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PSNI's Will Kerr sues Policing Board over job snub following flags dispute

Friends say he believes his handling of flags dispute ruined promotion bid

By Liam Clarke

Published 09/06/2015

Assistant Chief Constable Will Kerr
Assistant Chief Constable Will Kerr
Drew Harris

One of Northern Ireland's top PSNI officers is to sue the Policing Board, claiming he missed out on a senior post because of discrimination, it can be revealed.

Assistant Chief Constable Will Kerr has lodged an application for an employment tribunal on the grounds of religious and political bias after he failed in his bid to become deputy chief constable.

The appointment of Drew Harris as deputy was made last year by the Policing Board which consists of political and independent members.

Friends say Mr Kerr believes some unionists were biased against his application for the job because of his handling of the flags dispute and related protests in Belfast. His judgment in policing the protests was criticised in a court decision, which was subsequently overturned on appeal. He was also criticised by loyalist protesters.

A spokesman for the Department of Employment and Learning told the Belfast Telegraph: "Will Kerr presented a claim to the Fair Employment Tribunal on December 8, 2014, alleging discrimination on the grounds of religious belief/political opinion against the NI Policing Board.

"A substantive hearing will be arranged in due course."

This is the latest twist in an employment process which has been mired in political controversy. Sinn Fein had previously criticised the successful candidate, Drew Harris, and withdrew from the selection process before his appointment was made.

Mr Harris was previously Assistant Chief Constable in charge of the PSNI's powerful Crime Operations Branch, the post which Mr Kerr now holds. It covers organised crime, intelligence, specialist operations and scientific support, as well as overseeing all major investigations and providing overall analysis. In terms of the old RUC structures, this post controls both Special Branch and CID.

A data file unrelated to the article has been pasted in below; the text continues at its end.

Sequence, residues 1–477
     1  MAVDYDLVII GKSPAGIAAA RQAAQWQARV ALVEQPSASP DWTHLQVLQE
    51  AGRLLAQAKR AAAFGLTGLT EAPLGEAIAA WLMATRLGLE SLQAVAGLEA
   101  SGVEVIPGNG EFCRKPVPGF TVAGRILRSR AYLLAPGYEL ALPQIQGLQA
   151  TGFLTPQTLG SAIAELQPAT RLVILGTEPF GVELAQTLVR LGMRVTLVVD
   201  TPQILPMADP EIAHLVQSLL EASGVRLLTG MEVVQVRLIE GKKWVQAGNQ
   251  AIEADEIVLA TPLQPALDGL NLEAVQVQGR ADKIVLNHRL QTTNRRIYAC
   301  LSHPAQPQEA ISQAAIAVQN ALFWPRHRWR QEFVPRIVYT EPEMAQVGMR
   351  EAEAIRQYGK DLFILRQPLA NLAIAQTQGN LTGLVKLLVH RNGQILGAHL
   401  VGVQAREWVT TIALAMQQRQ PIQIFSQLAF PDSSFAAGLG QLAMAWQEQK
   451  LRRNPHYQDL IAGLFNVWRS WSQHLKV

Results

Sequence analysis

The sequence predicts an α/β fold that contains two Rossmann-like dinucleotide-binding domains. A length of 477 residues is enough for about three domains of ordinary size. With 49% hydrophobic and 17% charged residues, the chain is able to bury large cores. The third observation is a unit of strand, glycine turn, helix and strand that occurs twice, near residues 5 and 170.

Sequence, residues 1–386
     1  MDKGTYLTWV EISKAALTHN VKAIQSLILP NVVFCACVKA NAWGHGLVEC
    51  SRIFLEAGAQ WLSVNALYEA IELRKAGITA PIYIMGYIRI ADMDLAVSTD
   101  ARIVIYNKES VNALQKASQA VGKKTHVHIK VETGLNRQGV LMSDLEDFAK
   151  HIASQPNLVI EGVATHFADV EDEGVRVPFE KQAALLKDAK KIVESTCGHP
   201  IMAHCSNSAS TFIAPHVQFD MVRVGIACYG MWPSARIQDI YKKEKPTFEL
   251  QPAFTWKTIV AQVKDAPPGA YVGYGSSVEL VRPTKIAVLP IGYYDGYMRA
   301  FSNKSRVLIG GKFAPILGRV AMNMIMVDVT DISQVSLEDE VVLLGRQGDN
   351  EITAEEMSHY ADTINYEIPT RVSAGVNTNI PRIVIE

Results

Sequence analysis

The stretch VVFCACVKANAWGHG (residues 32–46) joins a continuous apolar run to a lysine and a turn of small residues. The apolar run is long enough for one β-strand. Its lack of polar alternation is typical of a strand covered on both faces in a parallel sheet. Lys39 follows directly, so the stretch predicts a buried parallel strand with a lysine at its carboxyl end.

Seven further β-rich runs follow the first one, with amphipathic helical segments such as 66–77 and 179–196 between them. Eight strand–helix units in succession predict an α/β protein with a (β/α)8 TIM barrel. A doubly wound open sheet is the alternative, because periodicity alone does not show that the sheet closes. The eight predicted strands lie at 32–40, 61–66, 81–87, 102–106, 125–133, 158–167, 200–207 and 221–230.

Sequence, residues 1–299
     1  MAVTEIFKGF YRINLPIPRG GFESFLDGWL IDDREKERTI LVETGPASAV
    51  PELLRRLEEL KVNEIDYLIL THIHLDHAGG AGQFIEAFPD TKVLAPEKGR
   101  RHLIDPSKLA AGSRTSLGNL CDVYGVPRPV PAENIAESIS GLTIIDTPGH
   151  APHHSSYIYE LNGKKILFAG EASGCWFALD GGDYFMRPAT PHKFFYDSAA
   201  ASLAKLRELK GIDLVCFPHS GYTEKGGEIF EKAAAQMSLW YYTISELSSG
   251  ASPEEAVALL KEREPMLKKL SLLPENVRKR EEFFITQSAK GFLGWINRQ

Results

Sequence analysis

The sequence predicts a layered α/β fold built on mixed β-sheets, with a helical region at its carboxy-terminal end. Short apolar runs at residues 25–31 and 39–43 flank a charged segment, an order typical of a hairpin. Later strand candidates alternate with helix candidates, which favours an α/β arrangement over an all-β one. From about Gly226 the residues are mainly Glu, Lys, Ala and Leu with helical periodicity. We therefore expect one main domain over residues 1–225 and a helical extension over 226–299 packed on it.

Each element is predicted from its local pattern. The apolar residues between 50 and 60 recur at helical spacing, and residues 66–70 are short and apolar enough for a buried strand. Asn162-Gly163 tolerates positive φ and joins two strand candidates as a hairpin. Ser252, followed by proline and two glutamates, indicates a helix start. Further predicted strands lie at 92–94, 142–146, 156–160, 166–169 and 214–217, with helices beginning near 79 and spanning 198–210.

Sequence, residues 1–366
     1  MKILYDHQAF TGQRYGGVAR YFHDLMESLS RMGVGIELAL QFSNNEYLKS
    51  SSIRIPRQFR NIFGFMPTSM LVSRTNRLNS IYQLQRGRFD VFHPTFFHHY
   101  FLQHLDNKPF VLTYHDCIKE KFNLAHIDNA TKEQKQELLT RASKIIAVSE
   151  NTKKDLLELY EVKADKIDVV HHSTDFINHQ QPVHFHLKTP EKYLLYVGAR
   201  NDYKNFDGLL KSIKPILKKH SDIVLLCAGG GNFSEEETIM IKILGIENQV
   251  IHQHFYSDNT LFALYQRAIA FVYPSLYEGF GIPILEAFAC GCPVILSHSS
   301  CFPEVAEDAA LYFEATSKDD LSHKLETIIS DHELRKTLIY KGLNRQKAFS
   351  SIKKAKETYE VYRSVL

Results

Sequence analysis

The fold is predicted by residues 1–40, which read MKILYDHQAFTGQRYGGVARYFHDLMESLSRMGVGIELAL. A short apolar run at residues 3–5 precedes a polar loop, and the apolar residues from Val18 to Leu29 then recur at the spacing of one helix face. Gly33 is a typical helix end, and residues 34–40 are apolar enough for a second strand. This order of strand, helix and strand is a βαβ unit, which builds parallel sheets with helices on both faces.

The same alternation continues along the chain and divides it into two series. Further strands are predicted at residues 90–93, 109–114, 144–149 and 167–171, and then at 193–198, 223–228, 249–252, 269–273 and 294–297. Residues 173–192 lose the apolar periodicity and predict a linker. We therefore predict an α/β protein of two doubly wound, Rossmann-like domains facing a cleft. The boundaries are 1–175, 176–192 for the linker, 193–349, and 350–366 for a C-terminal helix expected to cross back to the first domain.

Mr Harris was in charge of the investigation into the murder and secret burial of Jean McConville, a widowed mother of 10, by the IRA in 1972. He ordered the recovery of taped confessions by alleged IRA members from Boston College and he authorised the arrest of Gerry Adams, the Sinn Fein President, for questioning. This angered Sinn Fein.

After the appointment, Jonathan Craig, a DUP member of the Board, said of Sinn Fein, "their only beef was that this man as a police officer carried out his duty and investigated allegations against their leader. They cannot pick and choose, you either support the rule of law and order or you don't."

Since Sinn Fein withdrew from the selection process, unionists must have supported Mr Harris. Mr Kerr is now saying that shows political or religious bias and relates to the flags dispute.

He was already worried that the PSNI was losing touch with loyalists. He spoke about it in Dr Paul Nolan's recent study, "The Flag Protest", which was published by QUB.

ACC Kerr felt loyalists may have been alienated, partly because the PSNI were concentrating more on Sinn Fein. He said: "This is where I think it needs a bit of honesty from policing. If you take the period from 2007 onwards, Sinn Féin signed up for a formal engagement with policing for the first time … and we rightly invested an awful lot of time and effort in that relationship and that was the right thing to do.

"I think if we were being entirely honest, for that couple of years from 2008 to 2010, I think there was a sense of growing disengagement between policing and working class loyalism."

The flag protests started in December 2012 after Belfast City Council voted to reduce the flying of the union flag on city hall. Mr Kerr was criticised by loyalists and nationalists over his handling of the protests. However, the court of appeal found he had been within his powers in handling a difficult situation.

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